Three in four donors responded to new tax laws by choosing the standard deduction last year instead of itemizing their charitable deductions. This revelation comes from an April survey of 630 US donors sponsored by Dunham+Company.

Itemizing All Deductions

Conducted by Campbell Rinker, the study also showed donors earning $75,000+ annually itemized deductions more often (29 percent vs. ~18 percent). This move may have implications for how donors plan their year-end giving. It may also impact how charities plan their strategic communications to donors.

Responding to new tax laws, the percentage of $2,500+ donors who always itemize deductions decreased from 59 percent in August 2018 to 41 percent in April 2020.  The share of itemizers dropped from 42 percent to 34 percent since August 2018 among donors giving $500-$2,499 annually.

Itemizing Charitable Gifts

The share of donors giving $2,500+ annually who always itemize charitable giving deductions fell from 64 percent in August 2018 to 44 percent in April 2020.  For households giving $500-$2,499 annually, this rate dropped for from 38 percent in 2018 to 31 percent in 2020. Analysts see this as a direct response to the new tax laws.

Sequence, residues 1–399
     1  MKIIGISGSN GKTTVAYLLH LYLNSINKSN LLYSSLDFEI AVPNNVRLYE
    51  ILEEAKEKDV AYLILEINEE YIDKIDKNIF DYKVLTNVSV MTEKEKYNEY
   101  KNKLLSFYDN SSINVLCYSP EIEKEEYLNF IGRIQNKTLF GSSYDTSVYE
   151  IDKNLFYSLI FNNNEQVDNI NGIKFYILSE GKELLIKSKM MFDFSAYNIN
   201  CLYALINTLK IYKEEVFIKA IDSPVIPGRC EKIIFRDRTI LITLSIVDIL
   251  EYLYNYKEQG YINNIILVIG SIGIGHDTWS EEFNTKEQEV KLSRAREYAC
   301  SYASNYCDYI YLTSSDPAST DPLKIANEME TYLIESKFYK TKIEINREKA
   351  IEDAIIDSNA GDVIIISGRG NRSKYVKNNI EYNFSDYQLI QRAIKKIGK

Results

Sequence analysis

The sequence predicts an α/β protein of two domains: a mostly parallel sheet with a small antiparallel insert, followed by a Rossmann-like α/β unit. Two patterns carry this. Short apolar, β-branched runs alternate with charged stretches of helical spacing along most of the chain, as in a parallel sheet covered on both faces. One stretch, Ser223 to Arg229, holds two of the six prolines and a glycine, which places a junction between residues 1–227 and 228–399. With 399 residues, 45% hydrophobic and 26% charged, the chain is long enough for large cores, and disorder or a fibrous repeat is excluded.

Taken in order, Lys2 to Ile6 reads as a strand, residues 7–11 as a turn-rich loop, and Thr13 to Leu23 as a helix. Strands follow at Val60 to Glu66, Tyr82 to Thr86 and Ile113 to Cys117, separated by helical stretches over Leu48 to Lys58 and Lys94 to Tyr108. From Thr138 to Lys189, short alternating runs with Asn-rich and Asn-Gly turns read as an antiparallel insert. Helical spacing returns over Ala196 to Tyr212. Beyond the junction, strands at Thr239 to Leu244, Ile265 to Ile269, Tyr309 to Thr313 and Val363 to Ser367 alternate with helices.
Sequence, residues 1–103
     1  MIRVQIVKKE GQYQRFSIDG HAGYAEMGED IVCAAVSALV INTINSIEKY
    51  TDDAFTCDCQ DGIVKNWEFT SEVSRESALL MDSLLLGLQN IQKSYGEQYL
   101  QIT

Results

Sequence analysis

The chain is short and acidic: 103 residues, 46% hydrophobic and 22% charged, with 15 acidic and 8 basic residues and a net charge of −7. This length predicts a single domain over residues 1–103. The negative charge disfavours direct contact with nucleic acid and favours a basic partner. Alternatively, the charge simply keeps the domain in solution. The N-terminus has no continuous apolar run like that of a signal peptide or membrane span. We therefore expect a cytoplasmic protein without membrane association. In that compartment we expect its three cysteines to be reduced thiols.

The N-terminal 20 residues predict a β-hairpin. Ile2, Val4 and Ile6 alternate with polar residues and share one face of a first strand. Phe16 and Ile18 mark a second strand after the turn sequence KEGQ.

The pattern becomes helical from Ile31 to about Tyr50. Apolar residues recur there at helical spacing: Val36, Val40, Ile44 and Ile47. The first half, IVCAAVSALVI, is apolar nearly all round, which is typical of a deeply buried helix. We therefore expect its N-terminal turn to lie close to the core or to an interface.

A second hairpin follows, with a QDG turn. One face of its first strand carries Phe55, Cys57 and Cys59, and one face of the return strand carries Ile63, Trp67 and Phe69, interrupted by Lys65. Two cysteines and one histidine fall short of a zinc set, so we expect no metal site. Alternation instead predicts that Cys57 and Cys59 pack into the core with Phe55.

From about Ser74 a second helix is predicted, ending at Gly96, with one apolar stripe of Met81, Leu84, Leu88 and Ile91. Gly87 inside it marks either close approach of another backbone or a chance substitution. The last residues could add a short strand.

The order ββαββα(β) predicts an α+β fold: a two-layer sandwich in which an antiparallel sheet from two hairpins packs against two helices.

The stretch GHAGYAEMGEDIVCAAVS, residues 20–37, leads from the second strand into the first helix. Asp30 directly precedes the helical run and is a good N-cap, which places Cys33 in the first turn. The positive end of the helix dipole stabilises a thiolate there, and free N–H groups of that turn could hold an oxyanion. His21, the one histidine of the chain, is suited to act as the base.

At the time of the study, the stock market had recently seen significant losses. Analysts generally attributed these to the COVID-19 pandemic lockdown and an oil price war between Russia and Saudi Arabia. Accordingly, donors in households earning $75,000 or more annually were likelier than those earning less to say investment performance had negatively impacted their giving (28 percent vs. 18 percent).

Methodology: This online poll of 630 US adult donors who had made charitable gifts of at least $20 in 2019 was conducted April 17-20, 2020 – the height of the worldwide COVID-19 pandemic.  The lowest amount given in 2019 was $20, and the highest was $66,500.  Analysts weighted the responses by age to reflect the general U.S. population per the American Community Survey of the US Census. The margin of error is ±3.9 percent at the 95 percent confidence level.